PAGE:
Alaska is the largest, most sparsely populated and coldest state in the United States of America.
The Northern Lights
Alaska is one of the best places in the world to see the Nothern Lights or Aurora Borealis dancing in the sky. The Aurora occurs when solar particles collide with the earth’s atmosphere resulting in stunning streams of green, blue and even red light swirling through the sky.
The best time to see the Aurora is in winter, from late August through to April. It’s not as cold as you think. Average temperatures hover around -7 to -1 °C and you can expect up to six hours of sunlight per day in the southern part of the state. As long as you dress for the weather, you will be fine.
Bring your binoculars. Alaska’s large swathes of wilderness are home to some of the most incredible animals on the planet. You can watch a brown bear scoop salmon from a flowing icy river, catch a glimpse of a shy wolf or lynx and watch in awe as an American Bald Eagle soars above your head.
Alaska has so many brown bears, you would be unlucky not to see one. Polar Bears are a different story. You will need to take an expedition to find them.
For the best chance of seeing a polar bear head to Alaska in the Spring or Autumn. Polar Bears don’t go into hibernation like Brown Bears do, but they are scarcely seen during winter. You will find them on the coastlines toward the southern edge of the ice pack in the Far North and Western Arctic areas. As climate change alters the bear’s habitats, they have increasingly been found on land near towns like Barrow and Kotzebue. Remember polar bears are dangerous animals, that have been known to stalk humans. They should only be viewed with an experienced guide.
If you love wilderness and rugged beauty, you will love Alaska. The northernmost state is also home to home to America’s highest peak, Denali with a summit elevation 6,190 m above sea level. Denali National Park is six million acres of wild land, packed with wildlife and bisected by one ribbon of road. Try hiking, fishing, canoeing or dog sledging or simply spend the day looking for wildlife.
Glacier Bay National Park and Preserve in Alaska’s inside passage is home to humpback whales and puffins. One of the largest internationally protected Biosphere Reserves in the world, Glacier Bay collects glaciers slowly drifting down from the jagged mountains above. Most visitors arrive on cruise ships as few overland roads to the region exist. The region has three spectacular hiking trails and you can stay at Glacier Bay Lodge.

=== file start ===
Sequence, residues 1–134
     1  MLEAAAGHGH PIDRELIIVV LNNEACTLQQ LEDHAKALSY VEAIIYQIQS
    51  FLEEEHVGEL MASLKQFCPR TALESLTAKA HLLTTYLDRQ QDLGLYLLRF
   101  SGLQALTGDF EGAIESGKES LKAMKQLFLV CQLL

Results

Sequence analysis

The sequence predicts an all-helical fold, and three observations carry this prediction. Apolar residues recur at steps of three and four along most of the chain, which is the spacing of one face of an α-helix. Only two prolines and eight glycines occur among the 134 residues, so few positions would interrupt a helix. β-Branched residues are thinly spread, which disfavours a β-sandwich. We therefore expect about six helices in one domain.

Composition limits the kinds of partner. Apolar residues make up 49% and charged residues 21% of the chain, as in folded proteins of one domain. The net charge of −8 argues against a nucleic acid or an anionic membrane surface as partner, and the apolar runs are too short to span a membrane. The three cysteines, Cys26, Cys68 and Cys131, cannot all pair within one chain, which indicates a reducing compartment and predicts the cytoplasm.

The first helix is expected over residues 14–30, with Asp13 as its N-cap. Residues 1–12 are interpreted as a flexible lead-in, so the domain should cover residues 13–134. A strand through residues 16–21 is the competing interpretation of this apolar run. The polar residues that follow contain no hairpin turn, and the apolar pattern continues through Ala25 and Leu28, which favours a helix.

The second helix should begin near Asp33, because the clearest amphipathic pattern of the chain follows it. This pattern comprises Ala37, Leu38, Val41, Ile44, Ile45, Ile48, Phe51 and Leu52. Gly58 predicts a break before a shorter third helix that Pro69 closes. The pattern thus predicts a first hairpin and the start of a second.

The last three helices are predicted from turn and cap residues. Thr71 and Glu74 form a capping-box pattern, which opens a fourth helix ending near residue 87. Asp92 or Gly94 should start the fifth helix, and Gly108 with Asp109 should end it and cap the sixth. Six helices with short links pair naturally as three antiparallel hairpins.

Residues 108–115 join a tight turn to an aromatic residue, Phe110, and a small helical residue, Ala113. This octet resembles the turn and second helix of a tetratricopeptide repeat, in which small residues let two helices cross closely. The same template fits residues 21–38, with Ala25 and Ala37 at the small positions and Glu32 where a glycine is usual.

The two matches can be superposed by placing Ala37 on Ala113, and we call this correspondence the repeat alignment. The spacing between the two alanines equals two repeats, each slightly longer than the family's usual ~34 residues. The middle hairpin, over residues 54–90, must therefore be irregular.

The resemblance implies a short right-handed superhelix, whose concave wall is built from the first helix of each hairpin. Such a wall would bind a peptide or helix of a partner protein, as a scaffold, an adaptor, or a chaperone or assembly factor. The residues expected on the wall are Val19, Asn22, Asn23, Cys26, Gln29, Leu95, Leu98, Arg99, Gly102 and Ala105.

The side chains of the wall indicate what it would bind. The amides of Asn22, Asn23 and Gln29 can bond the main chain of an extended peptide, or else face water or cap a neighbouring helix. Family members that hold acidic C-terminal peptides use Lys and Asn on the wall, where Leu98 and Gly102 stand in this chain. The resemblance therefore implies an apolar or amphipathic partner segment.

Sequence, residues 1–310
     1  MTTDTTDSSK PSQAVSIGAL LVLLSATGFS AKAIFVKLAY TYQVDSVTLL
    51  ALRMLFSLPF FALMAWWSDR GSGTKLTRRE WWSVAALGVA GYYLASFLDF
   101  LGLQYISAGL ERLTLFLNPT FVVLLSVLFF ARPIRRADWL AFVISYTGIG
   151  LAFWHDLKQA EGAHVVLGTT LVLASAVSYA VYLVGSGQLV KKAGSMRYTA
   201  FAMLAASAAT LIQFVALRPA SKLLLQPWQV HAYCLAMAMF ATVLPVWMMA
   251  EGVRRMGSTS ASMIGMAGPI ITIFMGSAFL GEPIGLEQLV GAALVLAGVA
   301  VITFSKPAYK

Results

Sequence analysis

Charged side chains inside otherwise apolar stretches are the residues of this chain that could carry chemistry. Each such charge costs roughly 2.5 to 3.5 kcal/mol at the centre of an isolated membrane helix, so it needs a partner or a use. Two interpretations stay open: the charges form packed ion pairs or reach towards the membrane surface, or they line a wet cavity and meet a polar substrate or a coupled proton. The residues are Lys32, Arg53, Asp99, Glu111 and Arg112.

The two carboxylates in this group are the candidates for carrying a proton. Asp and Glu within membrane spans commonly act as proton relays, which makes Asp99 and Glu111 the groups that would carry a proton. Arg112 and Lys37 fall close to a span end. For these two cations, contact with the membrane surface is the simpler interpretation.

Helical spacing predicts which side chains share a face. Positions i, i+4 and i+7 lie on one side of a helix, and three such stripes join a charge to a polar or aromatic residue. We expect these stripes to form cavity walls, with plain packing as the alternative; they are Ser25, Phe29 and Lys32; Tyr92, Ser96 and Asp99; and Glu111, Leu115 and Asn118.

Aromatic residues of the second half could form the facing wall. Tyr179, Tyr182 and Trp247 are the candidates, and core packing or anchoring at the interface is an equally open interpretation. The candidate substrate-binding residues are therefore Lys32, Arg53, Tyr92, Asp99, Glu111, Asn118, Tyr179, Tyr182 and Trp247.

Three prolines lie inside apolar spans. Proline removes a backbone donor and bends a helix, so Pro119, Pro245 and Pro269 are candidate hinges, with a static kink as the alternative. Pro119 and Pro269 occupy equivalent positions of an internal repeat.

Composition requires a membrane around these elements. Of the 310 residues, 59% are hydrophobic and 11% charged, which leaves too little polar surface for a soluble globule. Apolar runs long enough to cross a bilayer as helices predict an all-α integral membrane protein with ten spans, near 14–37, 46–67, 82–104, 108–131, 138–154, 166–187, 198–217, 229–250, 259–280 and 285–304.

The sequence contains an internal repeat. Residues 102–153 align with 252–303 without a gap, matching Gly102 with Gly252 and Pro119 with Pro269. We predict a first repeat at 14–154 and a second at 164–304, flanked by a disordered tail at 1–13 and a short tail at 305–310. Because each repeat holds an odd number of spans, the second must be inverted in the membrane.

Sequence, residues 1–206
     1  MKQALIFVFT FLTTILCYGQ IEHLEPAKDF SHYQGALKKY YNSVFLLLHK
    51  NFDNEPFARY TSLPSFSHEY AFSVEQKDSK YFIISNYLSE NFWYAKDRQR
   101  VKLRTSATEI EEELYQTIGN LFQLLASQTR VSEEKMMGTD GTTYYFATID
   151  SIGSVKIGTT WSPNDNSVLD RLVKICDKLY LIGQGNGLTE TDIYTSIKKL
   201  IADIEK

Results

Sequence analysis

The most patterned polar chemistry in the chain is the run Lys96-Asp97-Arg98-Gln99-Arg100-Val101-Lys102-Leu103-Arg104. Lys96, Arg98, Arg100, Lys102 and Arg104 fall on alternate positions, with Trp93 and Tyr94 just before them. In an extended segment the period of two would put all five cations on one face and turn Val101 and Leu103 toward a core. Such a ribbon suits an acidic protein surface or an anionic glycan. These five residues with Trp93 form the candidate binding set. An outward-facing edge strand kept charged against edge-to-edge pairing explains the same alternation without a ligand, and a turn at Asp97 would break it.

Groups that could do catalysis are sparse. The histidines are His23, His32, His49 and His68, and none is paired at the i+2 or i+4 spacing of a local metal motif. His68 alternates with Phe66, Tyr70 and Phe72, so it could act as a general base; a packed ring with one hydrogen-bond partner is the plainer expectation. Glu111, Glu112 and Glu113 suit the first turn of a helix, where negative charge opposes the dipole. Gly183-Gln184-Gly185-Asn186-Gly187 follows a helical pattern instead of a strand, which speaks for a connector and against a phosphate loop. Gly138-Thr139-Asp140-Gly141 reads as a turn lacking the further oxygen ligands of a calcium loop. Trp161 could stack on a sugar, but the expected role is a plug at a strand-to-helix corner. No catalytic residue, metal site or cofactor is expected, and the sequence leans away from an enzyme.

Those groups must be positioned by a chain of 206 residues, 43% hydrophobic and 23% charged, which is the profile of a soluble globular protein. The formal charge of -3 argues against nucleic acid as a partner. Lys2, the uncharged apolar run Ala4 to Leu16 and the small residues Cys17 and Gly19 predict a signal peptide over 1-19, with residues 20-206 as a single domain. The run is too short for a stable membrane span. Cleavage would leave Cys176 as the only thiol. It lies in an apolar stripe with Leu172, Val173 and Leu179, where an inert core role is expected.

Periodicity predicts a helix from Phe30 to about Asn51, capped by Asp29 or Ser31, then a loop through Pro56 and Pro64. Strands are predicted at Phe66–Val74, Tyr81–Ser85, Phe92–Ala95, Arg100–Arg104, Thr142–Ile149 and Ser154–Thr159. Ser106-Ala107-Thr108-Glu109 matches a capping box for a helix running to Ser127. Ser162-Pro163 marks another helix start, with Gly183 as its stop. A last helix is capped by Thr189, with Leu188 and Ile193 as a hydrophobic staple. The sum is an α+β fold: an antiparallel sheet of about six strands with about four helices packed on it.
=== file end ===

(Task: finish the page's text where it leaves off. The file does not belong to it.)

Vast, beautiful and remote, The Arctic National Wildlife Refuge sprawls over 19.6 million acres in Alaska’s northern corner. Here you will find tundra plains, treeless coastlines, rugged mountain peaks and glaciers. Snow usually blankets the ground from September through to May. Once spring comes, the region is flush with life. More than 160 migratory and resident bird species come to the Arctic National Wildlife Refuge to breed, rest or feed from April to July. The refuge holds many polar bear dens and it’s a critical calving area for the Porcupine caribou herd.
Totem pole carving is often found in cultures that have a close tie with nature, and Alaska is no different. The poles use material from the land the images usually represent animals, spirits or places. Totem poles in front of houses identify the clan’s history. They are also carved to depict stories, to commemorate an event or to honour a deceased loved one or chief.
The Northwest Coast Alaska Natives are known for a special weaving technique that creates perfect circles. The small, finely woven baskets of the Unangax̂, Alutiiq, and Yup’ik peoples are highly prized by collectors.
If you love beadwork, make sure you look for Athabascan craft. The women from this tribe have created beautiful beaded clothing, blankets, tools and jewellery for centuries. Traditionally, they used seeds, carved wooden beads, shells, and quills. Glass beads were introduced after European contact.
Midnight Sun, Broken Tooth, Silver Gulch, 49th State – these are just a few of the Alaskan microbreweries gaining a large reputation outside of the state.
What’s their secret?
Untouched glacial water.
Water is the most important ingredient in beer and Alaska hs the purest water of any American state.
It’s not just beer either. In the last few years, Alaska has seen an abundance of gin and vodka distilleries pop up across the state. It’s no wonder – juniper berries, cranberries, spruce tips and raspberries used to produce and infuse each sprit can be plucked from roadside bushes during morning hikes.